There's been a ton of talk since last night about how much the relatively low unemployment rate in Ohio and the descending rates in Michigan and Wisconsin helped President Obama with his so-called "Mid-Western firewall."
The ironies couldn't be thicker:
The President's bailout of major car companies soon after he took office offended many Democratic voters.
“I feel they should’ve gave the people the money to spend to keep the companies going,” retail clerk Linda Webb told me in 2010, while pushing her grocery cart out of the Walmart in Jackson, Michigan. “But they did the opposite. They gave it to all the big people that didn’t need the money. If they handed me money like they handed them, I could’ve went and bought a car — it would have kept them in production.”
In 2010, the hiring spurred by the bailout wasn't quite so easy to see, but since then, it's set in.
Then there's the industry itself -- not exactly a natural Obama ally.
The auto industry has had its own reasons to resist the Obama presidency, including implementation of regulations requiring cars to get a minimum of 55 miles per gallon by next decade.
But at the end of the day, a prediction that a top Democratic official made to Transportation Nation back in June proved true: swing states jobs numbers, he said, would be "determinative" in the fall. Here's what we wrote then:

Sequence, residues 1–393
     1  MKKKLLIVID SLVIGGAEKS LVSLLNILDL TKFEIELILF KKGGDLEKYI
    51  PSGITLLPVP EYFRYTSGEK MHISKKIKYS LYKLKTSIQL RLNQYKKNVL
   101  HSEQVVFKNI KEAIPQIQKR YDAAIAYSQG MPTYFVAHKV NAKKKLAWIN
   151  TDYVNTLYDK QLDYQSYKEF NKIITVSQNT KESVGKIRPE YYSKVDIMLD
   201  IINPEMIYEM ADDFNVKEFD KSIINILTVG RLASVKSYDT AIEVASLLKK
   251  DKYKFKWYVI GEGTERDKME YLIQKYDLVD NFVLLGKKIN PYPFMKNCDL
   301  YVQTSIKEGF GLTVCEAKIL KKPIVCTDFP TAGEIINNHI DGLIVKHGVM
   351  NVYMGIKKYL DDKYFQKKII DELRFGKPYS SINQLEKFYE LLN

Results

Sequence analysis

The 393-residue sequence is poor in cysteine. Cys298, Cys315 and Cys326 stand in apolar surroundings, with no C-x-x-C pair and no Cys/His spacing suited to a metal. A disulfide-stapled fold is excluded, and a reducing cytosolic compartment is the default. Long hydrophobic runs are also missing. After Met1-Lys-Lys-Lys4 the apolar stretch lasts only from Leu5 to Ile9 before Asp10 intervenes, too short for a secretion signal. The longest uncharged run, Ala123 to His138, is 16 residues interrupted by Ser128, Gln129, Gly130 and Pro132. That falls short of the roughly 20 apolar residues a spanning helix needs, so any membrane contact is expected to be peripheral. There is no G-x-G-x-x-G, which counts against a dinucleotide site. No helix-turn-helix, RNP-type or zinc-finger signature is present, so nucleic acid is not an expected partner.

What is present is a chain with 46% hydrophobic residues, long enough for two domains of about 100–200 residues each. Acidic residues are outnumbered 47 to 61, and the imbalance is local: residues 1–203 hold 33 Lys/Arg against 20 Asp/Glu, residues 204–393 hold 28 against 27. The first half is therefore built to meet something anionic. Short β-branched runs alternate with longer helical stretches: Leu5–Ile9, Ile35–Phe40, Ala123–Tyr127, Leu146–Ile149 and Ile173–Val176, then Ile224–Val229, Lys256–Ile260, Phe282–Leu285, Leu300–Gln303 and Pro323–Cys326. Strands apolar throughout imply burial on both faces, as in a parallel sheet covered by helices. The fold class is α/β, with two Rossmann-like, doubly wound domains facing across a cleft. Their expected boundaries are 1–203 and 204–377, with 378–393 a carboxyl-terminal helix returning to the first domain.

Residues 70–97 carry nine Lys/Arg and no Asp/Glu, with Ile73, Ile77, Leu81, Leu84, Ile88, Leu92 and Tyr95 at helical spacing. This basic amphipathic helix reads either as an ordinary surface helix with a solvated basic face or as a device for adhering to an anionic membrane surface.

Buoyed in part by automobile hiring, employment in swing states looks far better than the nation as a whole, providing a possible path to victory for President Barack Obama, who bailed out the big three auto manufacturers with a clothespin on his nose.
In Michigan, Ohio, Indiana and Missouri, the auto industry has been adding jobs at rapid clip, according to the Bureau of Labor Statistics. So that even though things were really bad in those states, they’re now less bad. Which is good news for the President.
“We know that this thing is going to be super tight,” said a senior Democratic official. “But we are absolutely of the belief that the swing states jobs numbers will be determinative in the fall.”
By now, the national narrative is well known. May’s employment numbers were meh, signalling a heap of trouble for the President. “He is the underdog,” opined NPR’s Mara Liasson, who then ticked off things that could only make the electoral picture worse for the Democrats: the Euro crisis, the Chinese economy, etc. That pretty much sums up the conventional wisdom.
In the swing states, things are markedly better than they were two years ago, and in many of them, the employment picture is a whole lot brighter than the nation as a whole.
Here's the rest of that post.